High school bans national anthem from pep rallies; here’s what else needs to go

Recently I gave kudos to the State of California for a court decision upholding First amendment freedoms of a baker. Now, of course, they could take that to appeal and the decision could be overturned — such as it is in the land of judicial activism. However, I have to give props where they due’re, and they were in that case…but it didn’t take long.

Yes, it didn’t take long for another really nutty story to come out of California.

As reported by Fox News, “The Star Spangled Banner will no longer be played at rallies at California High School in San Ramon after student leaders determined the song is racially insensitive. “It was brought to our attention that the national anthem’s third verse is outdated and racially offensive, wrote the president of the school’s Associated Study Body. “We had nothing but good intentions by removing the song so that we could be fully inclusive to our student body.” The decision to eliminate the national anthem from student rallies has resulted in a significant amount of backlash from patriotic students and residents. 

The student body president posted a letter on the high school’s website defending the decision to ban the song by citing a third verse that references “the hireling and slave.” 

There is widespread debate among historians as to what Francis Scott Key was alluding to in the lyrics. Regardless, only the first verse is traditionally sung at sporting events or public gatherings. 

“This verse translated, finds joy in the killing of African-Americans,” the student government president alleged. “To think that our nation’s anthem once had the word slave and ‘land of the free’ in the same sentence leaves me speechless.”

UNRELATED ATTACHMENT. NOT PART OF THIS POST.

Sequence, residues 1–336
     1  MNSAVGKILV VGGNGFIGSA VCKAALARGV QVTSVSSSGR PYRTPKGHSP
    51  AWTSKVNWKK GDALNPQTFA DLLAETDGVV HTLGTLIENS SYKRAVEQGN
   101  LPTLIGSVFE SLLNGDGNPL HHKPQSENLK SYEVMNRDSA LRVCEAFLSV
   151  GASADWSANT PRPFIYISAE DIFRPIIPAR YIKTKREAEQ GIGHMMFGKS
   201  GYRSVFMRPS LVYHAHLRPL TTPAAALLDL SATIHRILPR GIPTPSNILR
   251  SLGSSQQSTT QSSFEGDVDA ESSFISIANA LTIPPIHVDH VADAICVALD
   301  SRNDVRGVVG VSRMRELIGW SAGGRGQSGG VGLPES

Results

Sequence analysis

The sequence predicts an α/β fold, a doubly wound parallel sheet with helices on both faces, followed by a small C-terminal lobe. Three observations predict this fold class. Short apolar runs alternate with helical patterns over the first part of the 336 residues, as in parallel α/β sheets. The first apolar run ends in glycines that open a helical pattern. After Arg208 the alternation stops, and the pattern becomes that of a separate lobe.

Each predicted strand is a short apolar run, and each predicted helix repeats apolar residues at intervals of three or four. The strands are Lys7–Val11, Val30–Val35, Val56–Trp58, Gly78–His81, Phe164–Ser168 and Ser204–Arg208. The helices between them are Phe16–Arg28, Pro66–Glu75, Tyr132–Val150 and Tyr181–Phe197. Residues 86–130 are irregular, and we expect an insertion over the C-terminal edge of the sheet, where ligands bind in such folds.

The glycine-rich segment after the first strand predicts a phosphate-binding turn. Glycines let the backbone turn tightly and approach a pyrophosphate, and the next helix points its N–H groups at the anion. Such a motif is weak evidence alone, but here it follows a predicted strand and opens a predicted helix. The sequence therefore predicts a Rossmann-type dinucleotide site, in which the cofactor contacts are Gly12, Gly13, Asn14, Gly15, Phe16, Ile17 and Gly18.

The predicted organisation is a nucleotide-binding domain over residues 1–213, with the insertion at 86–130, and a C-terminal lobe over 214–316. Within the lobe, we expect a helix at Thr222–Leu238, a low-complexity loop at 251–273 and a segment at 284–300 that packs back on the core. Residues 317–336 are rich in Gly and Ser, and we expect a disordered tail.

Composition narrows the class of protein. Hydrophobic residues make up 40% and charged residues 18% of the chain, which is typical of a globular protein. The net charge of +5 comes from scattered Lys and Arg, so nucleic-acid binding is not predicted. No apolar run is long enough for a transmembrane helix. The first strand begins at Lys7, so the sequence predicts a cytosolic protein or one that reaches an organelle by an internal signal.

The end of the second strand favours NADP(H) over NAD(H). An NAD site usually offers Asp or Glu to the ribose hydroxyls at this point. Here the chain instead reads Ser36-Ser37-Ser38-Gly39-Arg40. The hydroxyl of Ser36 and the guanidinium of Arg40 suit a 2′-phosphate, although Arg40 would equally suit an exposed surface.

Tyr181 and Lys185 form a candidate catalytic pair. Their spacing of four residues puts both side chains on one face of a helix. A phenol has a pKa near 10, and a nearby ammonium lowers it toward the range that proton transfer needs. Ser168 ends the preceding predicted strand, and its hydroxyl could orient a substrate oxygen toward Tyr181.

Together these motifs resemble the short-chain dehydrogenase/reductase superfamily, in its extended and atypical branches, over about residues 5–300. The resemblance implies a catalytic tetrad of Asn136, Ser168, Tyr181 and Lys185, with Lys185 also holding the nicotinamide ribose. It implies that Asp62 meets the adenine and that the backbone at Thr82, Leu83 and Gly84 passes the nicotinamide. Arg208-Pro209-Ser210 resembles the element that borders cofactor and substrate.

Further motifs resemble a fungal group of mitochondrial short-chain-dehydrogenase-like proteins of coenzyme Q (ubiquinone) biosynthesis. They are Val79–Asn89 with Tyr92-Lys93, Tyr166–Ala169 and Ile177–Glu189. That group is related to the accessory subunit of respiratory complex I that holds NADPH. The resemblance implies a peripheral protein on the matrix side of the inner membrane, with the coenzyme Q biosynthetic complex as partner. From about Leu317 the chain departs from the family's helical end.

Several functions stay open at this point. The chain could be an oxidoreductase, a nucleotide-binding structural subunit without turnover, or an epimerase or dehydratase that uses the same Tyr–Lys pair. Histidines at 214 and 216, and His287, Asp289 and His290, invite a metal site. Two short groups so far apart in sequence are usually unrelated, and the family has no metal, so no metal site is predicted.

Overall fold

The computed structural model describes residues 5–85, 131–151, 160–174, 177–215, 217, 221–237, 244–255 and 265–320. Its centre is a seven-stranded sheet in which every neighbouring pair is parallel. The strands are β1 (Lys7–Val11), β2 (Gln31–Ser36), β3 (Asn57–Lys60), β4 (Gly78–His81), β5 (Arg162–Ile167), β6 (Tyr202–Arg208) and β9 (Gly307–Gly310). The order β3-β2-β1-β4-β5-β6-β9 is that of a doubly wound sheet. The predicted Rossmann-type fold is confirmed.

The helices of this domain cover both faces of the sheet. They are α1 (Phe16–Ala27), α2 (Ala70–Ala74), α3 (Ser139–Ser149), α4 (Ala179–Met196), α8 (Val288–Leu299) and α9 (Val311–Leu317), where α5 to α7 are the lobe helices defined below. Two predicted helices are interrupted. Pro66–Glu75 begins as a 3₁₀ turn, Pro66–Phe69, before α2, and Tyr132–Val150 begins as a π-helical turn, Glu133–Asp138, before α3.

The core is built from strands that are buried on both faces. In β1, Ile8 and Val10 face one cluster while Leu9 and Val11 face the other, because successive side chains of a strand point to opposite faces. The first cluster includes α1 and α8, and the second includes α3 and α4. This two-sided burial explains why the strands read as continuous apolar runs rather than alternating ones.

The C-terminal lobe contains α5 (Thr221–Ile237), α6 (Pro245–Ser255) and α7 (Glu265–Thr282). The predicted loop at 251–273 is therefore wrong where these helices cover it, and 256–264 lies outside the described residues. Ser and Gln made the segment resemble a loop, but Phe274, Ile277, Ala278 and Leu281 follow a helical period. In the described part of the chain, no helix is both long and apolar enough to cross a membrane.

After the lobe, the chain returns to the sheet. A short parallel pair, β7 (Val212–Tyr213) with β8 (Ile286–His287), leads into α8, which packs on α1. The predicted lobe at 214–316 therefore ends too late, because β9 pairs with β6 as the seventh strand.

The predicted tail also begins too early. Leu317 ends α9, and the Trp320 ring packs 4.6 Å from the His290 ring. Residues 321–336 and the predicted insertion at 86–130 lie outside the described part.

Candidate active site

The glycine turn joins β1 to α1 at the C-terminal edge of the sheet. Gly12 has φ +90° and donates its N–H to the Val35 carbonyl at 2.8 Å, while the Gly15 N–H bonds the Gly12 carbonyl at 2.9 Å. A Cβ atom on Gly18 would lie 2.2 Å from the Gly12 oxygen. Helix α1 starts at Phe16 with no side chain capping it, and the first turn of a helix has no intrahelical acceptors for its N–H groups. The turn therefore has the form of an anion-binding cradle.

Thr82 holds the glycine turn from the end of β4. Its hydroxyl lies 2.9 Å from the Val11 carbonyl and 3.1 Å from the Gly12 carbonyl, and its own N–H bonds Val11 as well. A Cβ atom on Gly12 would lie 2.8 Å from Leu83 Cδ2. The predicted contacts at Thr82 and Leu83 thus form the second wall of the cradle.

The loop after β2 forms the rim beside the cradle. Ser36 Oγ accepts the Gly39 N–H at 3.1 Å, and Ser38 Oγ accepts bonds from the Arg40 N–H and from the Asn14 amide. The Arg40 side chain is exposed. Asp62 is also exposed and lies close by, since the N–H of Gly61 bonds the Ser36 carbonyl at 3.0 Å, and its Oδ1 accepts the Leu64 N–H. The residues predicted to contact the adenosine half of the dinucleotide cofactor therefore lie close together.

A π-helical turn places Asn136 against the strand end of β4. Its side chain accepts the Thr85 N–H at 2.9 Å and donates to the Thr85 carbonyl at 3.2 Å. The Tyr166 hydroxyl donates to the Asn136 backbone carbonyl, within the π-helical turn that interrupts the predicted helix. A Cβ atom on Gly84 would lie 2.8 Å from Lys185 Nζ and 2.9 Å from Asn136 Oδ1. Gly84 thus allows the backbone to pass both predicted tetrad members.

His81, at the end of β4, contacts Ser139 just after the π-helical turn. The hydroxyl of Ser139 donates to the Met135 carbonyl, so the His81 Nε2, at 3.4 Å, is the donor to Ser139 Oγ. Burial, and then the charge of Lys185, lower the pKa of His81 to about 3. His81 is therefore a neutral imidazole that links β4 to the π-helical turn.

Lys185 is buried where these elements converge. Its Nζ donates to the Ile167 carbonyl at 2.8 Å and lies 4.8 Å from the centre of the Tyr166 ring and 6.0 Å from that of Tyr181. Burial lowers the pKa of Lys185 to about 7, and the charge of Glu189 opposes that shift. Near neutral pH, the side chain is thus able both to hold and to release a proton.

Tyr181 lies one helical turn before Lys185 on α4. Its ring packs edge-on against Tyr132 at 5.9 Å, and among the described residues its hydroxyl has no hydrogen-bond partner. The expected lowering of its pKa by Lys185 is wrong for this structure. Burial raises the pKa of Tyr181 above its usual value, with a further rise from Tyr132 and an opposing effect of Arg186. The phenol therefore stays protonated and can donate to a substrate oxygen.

“Moving forward, we must take action and be inclusive to all,” the student body president wrote. “This song was written in 1814. That was written 204 years ago. Imagine all the traditions and laws that have changed.”

 “As our culture shifts to one that is more diverse and accepting of all types of people, so must our traditions,” the student government leader wrote. “And although we understand that this anthem represents pride and patriotism in our country to many people, we believe that there are other ways that this can be accomplished without an expense to inclusivity on our campus.”

Now, if you recall, this is the same argument used by the California NAACP — remember the NAACP was co-founded by wealthy white socialists, which lead to us coining the term “NAACP” stupid. They also wanted the United States of America to change our national anthem due to their deeming it “racist.” Of course, we cannot list the name of the student body president because the individual is under age. But, where does such a young person become so jaded? I think this young person needs to understand that our national anthem, our America, and its world known symbol, our flag, has always been a beacon of inclusion because the human heart yearns for liberty and freedom. And there’s no other nation in the world, that was established based on the ideal of unalienable individual rights, endowed not by man, but by our Creator.